The study: Nicholas Bloom and graduate student James Liang, who is also a cofounder of the Chinese travel website Ctrip, gave the staff at Ctrip’s call center the opportunity to volunteer to work from home for nine months. Half the volunteers were allowed to telecommute; the rest remained in the office as a control group. Survey responses and performance data collected at the conclusion of the study revealed that, in comparison with the employees who came into the office, the at-home workers were not only happier and less likely to quit but also more productive.
The challenge: Should more of us be doing our jobs in our pajamas? Would the performance of employees actually improve if companies let them stay home? Professor Bloom, defend your research.
Bloom: The results we saw at Ctrip blew me away. Ctrip was thinking that it could save money on space and furniture if people worked from home and that the savings would outweigh the productivity hit it would take when employees left the discipline of the office environment. Instead, we found that people working from home completed 13.5% more calls than the staff in the office did—meaning that Ctrip got almost an extra workday a week out of them. They also quit at half the rate of people in the office—way beyond what we anticipated. And predictably, at-home workers reported much higher job satisfaction.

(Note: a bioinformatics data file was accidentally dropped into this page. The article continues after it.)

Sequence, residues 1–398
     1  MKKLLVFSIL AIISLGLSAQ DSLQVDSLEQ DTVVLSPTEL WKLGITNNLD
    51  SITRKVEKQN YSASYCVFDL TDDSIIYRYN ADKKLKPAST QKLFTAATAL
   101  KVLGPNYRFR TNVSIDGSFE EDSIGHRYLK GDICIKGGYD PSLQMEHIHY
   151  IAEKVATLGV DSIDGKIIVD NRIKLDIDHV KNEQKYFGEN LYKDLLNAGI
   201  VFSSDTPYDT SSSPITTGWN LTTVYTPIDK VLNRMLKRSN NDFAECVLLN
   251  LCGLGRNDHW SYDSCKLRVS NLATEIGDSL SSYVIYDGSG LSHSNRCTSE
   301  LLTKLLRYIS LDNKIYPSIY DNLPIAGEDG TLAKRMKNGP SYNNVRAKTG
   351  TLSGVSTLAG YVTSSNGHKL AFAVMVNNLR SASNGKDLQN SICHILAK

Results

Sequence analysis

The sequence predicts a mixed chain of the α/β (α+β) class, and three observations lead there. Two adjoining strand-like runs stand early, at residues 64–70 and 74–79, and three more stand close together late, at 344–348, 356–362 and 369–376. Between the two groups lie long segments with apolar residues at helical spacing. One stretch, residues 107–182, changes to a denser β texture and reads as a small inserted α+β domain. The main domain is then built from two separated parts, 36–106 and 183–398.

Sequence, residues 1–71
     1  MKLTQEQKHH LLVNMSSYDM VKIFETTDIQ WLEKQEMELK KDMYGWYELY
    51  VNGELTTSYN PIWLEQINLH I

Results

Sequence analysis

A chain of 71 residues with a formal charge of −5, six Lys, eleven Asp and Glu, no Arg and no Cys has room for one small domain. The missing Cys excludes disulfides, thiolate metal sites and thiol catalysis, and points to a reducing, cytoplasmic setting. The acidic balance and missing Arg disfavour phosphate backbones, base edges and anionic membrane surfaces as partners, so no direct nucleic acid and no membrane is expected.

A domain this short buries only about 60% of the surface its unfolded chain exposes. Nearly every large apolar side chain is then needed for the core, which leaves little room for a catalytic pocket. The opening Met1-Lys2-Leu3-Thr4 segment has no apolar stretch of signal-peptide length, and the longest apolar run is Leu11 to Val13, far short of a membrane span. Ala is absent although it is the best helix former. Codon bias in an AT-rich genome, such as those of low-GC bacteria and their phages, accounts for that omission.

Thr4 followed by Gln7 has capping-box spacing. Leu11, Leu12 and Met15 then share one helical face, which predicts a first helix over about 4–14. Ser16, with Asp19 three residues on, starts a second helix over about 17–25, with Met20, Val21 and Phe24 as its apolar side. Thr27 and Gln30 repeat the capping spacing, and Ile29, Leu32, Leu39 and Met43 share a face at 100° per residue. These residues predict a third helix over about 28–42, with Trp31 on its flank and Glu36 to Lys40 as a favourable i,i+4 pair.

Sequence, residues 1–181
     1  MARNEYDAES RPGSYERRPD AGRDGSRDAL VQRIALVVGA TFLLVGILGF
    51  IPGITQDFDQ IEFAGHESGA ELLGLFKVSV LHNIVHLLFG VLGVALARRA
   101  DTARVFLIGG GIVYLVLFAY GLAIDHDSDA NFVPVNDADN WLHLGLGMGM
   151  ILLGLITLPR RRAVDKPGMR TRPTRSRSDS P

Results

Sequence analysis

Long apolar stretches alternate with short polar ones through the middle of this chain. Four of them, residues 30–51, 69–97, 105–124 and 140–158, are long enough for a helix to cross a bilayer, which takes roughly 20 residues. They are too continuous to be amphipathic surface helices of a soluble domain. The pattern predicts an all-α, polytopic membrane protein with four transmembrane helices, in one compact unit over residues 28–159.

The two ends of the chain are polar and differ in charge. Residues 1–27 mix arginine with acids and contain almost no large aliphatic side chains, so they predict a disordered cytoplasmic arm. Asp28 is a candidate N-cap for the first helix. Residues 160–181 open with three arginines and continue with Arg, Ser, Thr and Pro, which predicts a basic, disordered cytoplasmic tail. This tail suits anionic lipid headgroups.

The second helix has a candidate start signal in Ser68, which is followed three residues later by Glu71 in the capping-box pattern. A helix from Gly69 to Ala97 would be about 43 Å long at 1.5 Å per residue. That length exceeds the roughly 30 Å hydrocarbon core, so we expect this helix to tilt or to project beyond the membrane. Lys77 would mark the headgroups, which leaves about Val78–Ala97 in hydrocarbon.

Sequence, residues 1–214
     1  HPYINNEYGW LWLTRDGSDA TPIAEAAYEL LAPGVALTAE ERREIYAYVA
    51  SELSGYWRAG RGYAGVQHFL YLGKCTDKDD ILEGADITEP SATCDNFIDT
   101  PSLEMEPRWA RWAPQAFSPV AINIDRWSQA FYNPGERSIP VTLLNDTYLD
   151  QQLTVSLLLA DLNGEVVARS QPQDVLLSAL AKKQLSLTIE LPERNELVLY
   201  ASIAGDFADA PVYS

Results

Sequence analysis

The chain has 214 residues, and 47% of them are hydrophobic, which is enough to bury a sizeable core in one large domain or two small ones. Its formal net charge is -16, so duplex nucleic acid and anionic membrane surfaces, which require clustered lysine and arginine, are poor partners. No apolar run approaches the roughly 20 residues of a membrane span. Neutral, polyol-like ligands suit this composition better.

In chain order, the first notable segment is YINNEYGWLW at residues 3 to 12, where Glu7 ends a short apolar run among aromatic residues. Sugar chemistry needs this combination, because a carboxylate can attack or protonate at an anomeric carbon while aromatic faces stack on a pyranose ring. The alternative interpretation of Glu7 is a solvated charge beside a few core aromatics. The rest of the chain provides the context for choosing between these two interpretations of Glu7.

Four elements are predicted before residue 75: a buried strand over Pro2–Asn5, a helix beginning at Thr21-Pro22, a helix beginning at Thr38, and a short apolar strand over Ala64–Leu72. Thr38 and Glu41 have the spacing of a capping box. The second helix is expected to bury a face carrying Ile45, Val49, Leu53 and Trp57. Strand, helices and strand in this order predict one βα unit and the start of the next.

HBR: And how much did Ctrip save on furniture and space?
It estimated that it saved $1,900 per employee for the nine months.
Lower attrition rates make sense—working from home gives you more flexibility if you have kids and so forth—but how do you explain the productivity increases? Why would people get more done out of the office?
One-third of the productivity increase, we think, was due to having a quieter environment, which makes it easier to process calls. At home people don’t experience what we call the “cake in the break room” effect. Offices are actually incredibly distracting places. The other two-thirds can be attributed to the fact that the people at home worked more hours. They started earlier, took shorter breaks, and worked until the end of the day. They had no commute. They didn’t run errands at lunch. Sick days for employees working from home plummeted. Search “working remotely” on the web, and everything that comes up will be supernegative and say that telecommuters don’t work as hard as people in the office. But actually, it’s quite the opposite.